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Editorial: Test the testers

Western Cape education MEC Debbie Schäfer strongly believes great schools do not exist without great leaders, emphasising the crucial role of a strong and accountable school leadership team. The MEC has also spoken of the need for shortlisted candidates for principal posts to be subjected to a competency test as a means of ensuring the most suitable candidate is appointed. Her education department has been the only one in the country to implement the test successfully.

Higher education institutions have repeatedly pointed fingers at the basic education sector for producing learners who battle to cope at tertiary level. It is well documented that dysfunctional schools lie at the heart of this problem. Weak principals who don’t have a clue about curriculum management or how to manage their teachers, among other things, are largely to blame for the dismal matric results their schools produce with alarming regularity.

Educationists across the world say a principal’s poor leadership is one of the main causes of his or her school’s chronic underperformance. Bad management often leads to poor learner discipline and a lack of commitment and passion from teachers. That is precisely why the department of basic education should be applauded for insisting that, nationally, aspirant principals write the test. These assessments, according to the department, will be used to measure educators’ leadership knowledge, competence and expertise. The assessment will not be the only criterion used to appoint principals, but will form part of a comprehensive system of support.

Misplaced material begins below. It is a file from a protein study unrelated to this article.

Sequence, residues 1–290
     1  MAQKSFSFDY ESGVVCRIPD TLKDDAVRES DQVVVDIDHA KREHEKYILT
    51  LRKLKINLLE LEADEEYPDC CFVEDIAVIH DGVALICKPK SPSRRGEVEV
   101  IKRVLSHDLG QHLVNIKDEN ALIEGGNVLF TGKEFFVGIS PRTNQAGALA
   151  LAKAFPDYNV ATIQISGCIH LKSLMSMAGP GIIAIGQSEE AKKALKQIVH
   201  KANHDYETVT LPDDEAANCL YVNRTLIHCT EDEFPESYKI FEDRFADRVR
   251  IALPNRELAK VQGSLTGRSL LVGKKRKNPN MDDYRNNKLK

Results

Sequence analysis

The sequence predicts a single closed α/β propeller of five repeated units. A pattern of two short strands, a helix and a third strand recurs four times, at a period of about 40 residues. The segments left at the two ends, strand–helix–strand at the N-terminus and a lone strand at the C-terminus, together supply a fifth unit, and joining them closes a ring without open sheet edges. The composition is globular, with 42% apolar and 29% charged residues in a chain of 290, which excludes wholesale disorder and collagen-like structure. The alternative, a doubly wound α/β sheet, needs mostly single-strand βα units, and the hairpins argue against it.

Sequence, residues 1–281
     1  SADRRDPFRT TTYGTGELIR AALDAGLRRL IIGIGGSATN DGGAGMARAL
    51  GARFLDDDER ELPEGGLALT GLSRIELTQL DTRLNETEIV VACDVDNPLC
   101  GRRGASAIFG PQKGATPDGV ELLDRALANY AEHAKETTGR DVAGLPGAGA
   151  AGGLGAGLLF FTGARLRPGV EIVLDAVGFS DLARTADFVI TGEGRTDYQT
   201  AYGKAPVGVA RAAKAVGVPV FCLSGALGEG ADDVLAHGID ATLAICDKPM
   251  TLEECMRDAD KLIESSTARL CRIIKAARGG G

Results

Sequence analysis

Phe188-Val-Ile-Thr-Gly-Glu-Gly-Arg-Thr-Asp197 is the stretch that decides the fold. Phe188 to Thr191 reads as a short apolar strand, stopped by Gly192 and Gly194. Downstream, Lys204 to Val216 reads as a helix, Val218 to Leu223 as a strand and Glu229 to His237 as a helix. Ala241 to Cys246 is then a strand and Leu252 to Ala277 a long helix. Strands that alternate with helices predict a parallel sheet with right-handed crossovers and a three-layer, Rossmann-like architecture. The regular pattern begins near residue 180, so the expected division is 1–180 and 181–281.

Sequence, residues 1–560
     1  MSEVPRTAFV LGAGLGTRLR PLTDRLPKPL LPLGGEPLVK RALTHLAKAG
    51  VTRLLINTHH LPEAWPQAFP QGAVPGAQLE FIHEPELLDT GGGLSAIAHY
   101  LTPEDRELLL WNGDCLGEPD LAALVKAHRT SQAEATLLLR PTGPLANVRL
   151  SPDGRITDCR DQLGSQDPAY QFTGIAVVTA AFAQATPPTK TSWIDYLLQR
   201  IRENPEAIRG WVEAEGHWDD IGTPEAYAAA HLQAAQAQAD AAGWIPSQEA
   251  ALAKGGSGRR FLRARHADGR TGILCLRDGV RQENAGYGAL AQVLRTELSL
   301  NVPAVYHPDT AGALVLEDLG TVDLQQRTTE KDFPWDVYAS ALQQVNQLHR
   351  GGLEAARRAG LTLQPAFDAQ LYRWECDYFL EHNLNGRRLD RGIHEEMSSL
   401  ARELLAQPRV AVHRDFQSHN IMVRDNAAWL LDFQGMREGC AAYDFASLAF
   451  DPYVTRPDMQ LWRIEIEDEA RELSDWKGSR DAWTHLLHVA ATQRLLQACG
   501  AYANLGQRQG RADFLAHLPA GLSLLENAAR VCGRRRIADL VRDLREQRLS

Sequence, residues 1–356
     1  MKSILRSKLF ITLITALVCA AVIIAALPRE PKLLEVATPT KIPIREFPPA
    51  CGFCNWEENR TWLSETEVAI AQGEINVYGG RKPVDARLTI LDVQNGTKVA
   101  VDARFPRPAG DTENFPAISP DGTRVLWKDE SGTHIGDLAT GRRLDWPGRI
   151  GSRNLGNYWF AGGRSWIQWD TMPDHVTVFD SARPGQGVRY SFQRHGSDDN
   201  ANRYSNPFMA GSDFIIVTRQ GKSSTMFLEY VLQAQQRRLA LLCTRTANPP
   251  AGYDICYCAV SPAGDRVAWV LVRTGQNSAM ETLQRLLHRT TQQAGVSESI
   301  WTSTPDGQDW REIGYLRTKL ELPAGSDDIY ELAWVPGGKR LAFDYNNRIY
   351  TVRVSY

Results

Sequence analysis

It is shocking that, over the past financial year, 93% of candidates appointed as principals in eight provinces did not write the test, because provincial departments did not set the tests. If we are serious about wanting our children to have a well-rounded, holistic education at school, we need to make sure we appoint strong, imaginative principals to lead schools. Giving them a competency test will help achieve this.

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